Australia to tighten control of cryptocurrency exchange platforms
Investment in crypto-assets is unregulated, may not be suitable for retail investors and the entire amount invested may be lost. It is important to read and understand the risks of this investment, which are explained in detail here.
In recent years, cryptocurrency has become increasingly popular in Australia, with more and more people investing in Bitcoin, Ethereum, and other digital assets. As a result, the Australian government has been under pressure to introduce regulations to protect consumers and investors in the crypto space.
In 2022, the Australian Treasury released a consultation paper on crypto asset regulation, which outlined a number of proposed reforms, including a licensing regime for crypto exchanges. The paper was met with mixed reactions from the crypto industry, with some stakeholders welcoming the proposed regulations and others expressing concerns that they would stifle innovation.
And now, the Australian government is set to introduce new regulations requiring crypto exchanges to obtain a financial services license. The regulations will apply to crypto exchanges holding more than $5 million in aggregate or exceeding $1,500 for any individual user.
What do the regulations mean for cryptocurrencies?
The regulations will require crypto exchanges to adhere to stringent standards, including providing services transparently and fairly, managing conflicts of interest, disclosing information, submitting financial reports, and meeting solvency and cash reserve requirements. Additionally, asset custody rules will be enforced to enhance consumer protection within the sector.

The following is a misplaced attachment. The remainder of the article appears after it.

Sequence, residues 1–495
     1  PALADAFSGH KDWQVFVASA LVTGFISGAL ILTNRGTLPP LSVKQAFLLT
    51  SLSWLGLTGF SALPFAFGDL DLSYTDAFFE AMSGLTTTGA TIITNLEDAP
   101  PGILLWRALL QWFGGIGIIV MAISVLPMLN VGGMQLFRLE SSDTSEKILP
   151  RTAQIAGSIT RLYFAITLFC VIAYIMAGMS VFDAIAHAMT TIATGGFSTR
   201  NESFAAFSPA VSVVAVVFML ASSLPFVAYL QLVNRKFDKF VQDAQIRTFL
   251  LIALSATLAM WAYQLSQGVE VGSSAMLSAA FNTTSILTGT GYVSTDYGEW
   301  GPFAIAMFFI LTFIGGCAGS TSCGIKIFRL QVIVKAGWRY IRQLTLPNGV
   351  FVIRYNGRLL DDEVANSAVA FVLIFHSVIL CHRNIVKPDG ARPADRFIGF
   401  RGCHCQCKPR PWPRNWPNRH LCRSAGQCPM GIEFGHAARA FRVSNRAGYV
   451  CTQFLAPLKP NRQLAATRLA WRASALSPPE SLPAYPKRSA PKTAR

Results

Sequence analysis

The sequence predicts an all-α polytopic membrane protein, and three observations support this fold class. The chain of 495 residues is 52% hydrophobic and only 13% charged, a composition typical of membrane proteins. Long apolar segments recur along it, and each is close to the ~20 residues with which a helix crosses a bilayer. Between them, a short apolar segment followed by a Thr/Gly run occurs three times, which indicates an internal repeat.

The move follows a series of international hacks and cases of poor risk management, most notably the collapse of U.S.-based crypto exchange FTX, which incurred significant losses for approximately 30,000 Australians.
In addition to the licensing requirement, the government also intends to introduce additional obligations for exchanges, such as standardizing contract forms and implementing custody software and token transaction standards inspired by regulations in Europe, Britain, Canada, and Singapore.
NFTs are unaffected
The government's stated aim is to regulate crypto without stifling innovation. Tokens that function as financial products will fall under existing corporate laws, while non-financial tokens, such as those used in video gaming and non-fungible tokens (NFTs), will remain unregulated. However, exchanges dealing with non-financial tokens will still require licenses.
The proposed regulations will also impose certain obligations on activities such as trading, staking, and fundraising for non-financial products.
Public consultation on the government's plans will continue until Dec. 1, with an exposure draft of the proposed legislation set to be released in 2024.
Crypto exchanges will have a 12-month transition period to adapt to the new regulatory framework once the rules come into force.Advertisement